Can crop sensors help make nitrogen management decisions?

Key messages

  • When the percentage of nitrogen in crops drops below four per cent, the crop is nitrogen stressed and more nitrogen fertiliser needs to be applied to avoid yield loss and low protein wheat.
  • We have developed a technique using crop sensors and machine learning to predict percentage nitrogen in crops.
  • When deployed, this technique can help decide whether more nitrogen fertiliser needs to be applied.


This work aims to create a reliable estimate of percentage nitrogen (%N) in a wheat crop, using sensors and machine learning, to inform an in-crop application of nitrogen (N) fertiliser.


The mid-season N decision is crucial for crop management and profitability. Many tools and decision aids have been developed to help inform a N decision. Most of these rely on making an assessment based on tissue analysis at mid-season to determine plant N status and future requirements. The fertiliser requirement is then calculated from these variables to determine the demand. Unfortunately, it can be difficult to identify the N demand across an entire paddock. Crop sensors and information like normalised difference vegetation index (NDVI) have been commonly used to calibrate a relationship between the vegetation index and potential yield using a linear regression. From this, a N demand can be calculated and used to inform a fertiliser recommendation. However, Colaço & Bramley (2019) showed that such sensor calibration, i.e. the relationship between the vegetation index (usually the NDVI) used and the yield is site-year specific. The implication is that the demand estimate generated from other paddocks, or seasons, is likely to be incorrect in the current year. Therefore, as mentioned, linear regressions are not enough to pick up the complexity of N decision. Here we evaluate the ability to predict %N in the crop at Z31 using a range of different crop sensors and different approaches to machine learning. In this preliminary study, fertiliser decisions were based on whether the crop met a critical %N threshold of four per cent.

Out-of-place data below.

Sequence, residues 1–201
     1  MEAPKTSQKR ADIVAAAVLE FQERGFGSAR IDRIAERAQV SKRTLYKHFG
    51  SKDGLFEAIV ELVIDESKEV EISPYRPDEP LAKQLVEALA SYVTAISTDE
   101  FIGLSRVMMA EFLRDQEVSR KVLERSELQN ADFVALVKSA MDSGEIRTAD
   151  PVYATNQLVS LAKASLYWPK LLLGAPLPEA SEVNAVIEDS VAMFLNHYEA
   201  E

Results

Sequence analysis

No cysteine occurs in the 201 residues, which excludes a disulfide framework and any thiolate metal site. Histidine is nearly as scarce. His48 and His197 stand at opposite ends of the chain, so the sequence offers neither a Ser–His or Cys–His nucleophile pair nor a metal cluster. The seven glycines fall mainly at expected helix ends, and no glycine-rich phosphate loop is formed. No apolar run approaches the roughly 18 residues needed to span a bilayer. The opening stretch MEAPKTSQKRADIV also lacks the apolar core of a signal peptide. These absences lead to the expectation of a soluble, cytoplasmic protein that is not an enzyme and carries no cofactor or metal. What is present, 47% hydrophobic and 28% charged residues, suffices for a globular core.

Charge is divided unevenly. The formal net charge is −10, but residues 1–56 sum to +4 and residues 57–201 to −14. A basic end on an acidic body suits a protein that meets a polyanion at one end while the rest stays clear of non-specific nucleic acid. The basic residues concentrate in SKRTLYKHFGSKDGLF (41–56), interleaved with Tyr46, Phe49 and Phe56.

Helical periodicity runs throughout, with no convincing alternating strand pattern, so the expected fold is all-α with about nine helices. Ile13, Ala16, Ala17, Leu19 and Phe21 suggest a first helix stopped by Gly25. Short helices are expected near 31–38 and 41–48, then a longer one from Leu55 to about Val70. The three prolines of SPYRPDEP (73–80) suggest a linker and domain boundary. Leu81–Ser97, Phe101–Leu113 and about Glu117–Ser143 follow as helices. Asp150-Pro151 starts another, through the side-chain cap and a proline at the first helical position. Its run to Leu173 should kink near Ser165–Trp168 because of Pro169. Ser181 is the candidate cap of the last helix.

Eleven fields were monitored under a Mediterranean climate: three fields in Western Australia (WA) with rainfall varying from 300 to 600mm annually and eight in South Australia (SA) with annual rainfall varying from 330 to 500mm (Jeffrey, Carter, Moodie, & Beswick, 2001). Each field had very different management, weather and soil conditions (Table 1).

Table 1. Average condition of each field monitored

image of average condition

Av. = average; Y. = year; T. = temperature; Rad = solar radiation; WA = Western Australia; SA = South Australia; Average weather from the nearest weather stations (*more than one field **variable rate

In each paddock two (N-rich and N-farmer) or three strips (N-rich, where N-rich is the double of N-farmer, N-minus, and N-farmer practice) were set and at least two samples in each strip were collected depending on the size of the paddock. Each sample consisted of 1m2, first scanned with a commercial proximal crop sensor and then cut and sent to an independent private laboratory to assess aboveground plant N concentration (Table 2).

Table 2. Variables and their sources used in the study

image of variables

*If %N<4% then Yes, otherwise No;**CNI=1.86*CCC-0.346 (Fitzgerald, Rodriguez, & O’Leary, 2010); SCCCI=NDVI⁄NDRE ; *** From sensor manual.